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by Michael Peroutka 

This past Saturday, I had the great privilege of addressing a rally in support of Kim Davis.


Kim Davis is the elected clerk of Rowan County, Kentucky and she has been jailed by a federal judge for disobeying his order to her to issue marriage licenses to people of the same sex.


She refuses to do so.


Other speakers at the rally addressed the moral argument against her confinement.  That argument rests on the idea that our rights come from God and that no government can grant a right (to anybody) to do that which God declares to be wrong.


But during my brief remarks I attempted to address the legal argument that rests on the explicit language of the Constitution of these united States.  Specifically, the Constitution grants lawmaking power only to Congress and NOT to the Courts, not even the Supreme Court.


You see, Article One, Section One – the very first sentence of the Constitution -- says this:


“All legislative power herein granted is vested in a Congress…”


So, if all federal lawmaking power is in Congress, then how much is left over for the Courts?


The answer, of course, is zero.


Under our Constitution, courts render opinions in cases and controversies that come before them, they do not make laws.


It follows that there is no law that Kim Davis has broken and therefore there is no legal reason to detain her further.


This same argument, by the way, has been made by presidential candidate Mike Huckabee, former Governor of Arkansas.


Also, this argument is now being discussed nationally by leaders like Glenn Beck and David Barton. 


Why is this important? 


For years, courts have been issuing opinions and claiming to themselves lawmaking powers that they don’t legally or morally have.  This case is bringing attention to that usurpation.


Traditionally, courts have used the “equal protection clause” or the “due process clause” of the Fourteenth Amendment to establish national policy.  In effect, they use these clauses to accomplish an “end run” around the clear meaning of the words of our Constitution.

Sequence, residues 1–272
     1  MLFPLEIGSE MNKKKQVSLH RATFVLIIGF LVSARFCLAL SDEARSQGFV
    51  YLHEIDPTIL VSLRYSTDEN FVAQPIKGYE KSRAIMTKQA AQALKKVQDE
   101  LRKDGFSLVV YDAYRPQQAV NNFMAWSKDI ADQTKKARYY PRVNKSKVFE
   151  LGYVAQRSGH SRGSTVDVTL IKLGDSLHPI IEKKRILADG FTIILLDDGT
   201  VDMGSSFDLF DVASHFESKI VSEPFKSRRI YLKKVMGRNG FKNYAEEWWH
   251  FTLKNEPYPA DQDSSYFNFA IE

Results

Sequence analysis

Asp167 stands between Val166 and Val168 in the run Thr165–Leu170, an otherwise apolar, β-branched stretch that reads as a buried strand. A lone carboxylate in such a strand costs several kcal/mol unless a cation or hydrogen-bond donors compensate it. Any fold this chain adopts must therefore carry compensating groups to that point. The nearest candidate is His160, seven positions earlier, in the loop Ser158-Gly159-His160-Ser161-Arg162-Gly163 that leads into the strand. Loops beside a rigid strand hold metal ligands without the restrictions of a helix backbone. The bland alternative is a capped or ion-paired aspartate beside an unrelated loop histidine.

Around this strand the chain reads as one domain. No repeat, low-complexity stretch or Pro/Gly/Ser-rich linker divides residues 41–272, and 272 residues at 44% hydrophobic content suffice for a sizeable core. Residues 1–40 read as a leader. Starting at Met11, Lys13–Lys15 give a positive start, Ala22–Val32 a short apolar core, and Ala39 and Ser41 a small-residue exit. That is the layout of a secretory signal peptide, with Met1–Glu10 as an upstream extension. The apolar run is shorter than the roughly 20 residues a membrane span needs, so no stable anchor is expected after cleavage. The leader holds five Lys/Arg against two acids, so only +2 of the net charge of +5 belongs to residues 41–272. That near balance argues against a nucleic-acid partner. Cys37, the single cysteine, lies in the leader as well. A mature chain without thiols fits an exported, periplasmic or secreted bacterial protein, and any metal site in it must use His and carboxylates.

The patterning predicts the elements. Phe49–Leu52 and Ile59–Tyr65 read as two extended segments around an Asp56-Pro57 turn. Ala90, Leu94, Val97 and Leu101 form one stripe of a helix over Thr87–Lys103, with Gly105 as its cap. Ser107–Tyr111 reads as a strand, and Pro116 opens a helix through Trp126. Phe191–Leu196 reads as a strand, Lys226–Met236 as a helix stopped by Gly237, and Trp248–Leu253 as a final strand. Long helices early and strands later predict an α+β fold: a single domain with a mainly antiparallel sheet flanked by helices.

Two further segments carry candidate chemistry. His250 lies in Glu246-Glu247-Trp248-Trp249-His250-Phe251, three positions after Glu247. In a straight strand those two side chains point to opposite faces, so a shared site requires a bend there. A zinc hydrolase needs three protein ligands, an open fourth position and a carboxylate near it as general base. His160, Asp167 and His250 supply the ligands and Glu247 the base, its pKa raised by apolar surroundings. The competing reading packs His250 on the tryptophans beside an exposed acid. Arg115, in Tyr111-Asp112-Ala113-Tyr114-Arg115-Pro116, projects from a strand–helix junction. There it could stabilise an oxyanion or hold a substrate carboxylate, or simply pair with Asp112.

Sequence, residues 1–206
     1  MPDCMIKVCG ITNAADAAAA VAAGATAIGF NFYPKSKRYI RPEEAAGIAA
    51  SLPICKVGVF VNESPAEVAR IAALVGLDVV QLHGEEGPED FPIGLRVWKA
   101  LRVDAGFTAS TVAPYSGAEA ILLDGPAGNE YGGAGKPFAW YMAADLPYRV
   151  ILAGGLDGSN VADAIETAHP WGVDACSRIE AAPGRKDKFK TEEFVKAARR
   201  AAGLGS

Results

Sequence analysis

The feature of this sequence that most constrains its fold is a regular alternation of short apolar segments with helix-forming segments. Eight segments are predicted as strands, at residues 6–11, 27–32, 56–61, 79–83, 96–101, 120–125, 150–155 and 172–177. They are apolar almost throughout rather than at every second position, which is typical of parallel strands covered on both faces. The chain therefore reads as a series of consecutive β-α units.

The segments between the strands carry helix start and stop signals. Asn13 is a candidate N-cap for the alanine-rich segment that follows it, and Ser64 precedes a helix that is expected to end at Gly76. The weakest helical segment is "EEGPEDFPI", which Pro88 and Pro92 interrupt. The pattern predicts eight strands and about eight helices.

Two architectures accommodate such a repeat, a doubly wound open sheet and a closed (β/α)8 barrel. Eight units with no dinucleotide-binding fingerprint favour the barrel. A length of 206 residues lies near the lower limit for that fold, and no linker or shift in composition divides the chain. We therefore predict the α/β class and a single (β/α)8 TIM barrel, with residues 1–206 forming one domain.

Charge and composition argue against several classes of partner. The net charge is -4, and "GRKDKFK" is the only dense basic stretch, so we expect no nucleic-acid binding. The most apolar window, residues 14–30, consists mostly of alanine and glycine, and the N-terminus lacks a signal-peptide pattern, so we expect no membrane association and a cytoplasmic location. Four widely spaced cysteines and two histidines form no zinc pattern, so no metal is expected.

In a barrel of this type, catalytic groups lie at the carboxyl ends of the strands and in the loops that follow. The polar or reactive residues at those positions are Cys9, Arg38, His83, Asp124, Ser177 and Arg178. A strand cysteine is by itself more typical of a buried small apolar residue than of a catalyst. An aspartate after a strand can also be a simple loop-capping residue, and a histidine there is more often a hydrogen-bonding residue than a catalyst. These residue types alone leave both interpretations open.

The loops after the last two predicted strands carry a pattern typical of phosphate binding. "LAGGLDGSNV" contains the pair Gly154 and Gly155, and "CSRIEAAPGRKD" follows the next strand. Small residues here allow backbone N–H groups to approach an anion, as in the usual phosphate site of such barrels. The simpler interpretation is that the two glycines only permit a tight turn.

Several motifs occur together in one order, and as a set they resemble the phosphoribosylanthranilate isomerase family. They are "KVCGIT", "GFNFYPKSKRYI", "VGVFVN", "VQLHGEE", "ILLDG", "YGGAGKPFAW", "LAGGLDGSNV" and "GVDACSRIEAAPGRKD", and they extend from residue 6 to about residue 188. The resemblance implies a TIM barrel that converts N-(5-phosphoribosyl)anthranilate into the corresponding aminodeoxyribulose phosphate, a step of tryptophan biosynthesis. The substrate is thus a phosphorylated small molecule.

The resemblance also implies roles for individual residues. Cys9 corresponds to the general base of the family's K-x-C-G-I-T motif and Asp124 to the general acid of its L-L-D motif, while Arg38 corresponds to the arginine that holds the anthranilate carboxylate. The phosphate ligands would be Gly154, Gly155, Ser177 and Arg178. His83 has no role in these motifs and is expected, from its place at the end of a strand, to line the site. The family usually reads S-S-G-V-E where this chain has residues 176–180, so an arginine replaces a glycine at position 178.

For example, imagine, in this case, that the Congress had actually passed an act that purported to require all county clerks to issue licenses to people of the same sex.

Well, since the Constitution does not include this activity in one of the enumerated powers of the federal government, such an act would be void by the terms of the Tenth Amendment.  But the federal courts have effectively bypassed this limitation on federal power through court opinions that purport to be, but are not in fact, law.


Ask yourself this question:


How can the courts enforce a law that Congress cannot make?


So, the proper, legal, constitutional authority of the courts is now being openly and nationally discussed because of Rowan County Clerk Kim Davis.


This is a blessing.


And this is the question in the present case:


If there is a law that requires Clerk Davis to issue such a license, then what legislature voted on it and passed it?


What executive signed it?  What are its terms?


What does it say?  Where is it written?


Essentially, it comes down to this:


Show us the law, or free Kim Davis.


This is MAP for IOTC bringing you TAV.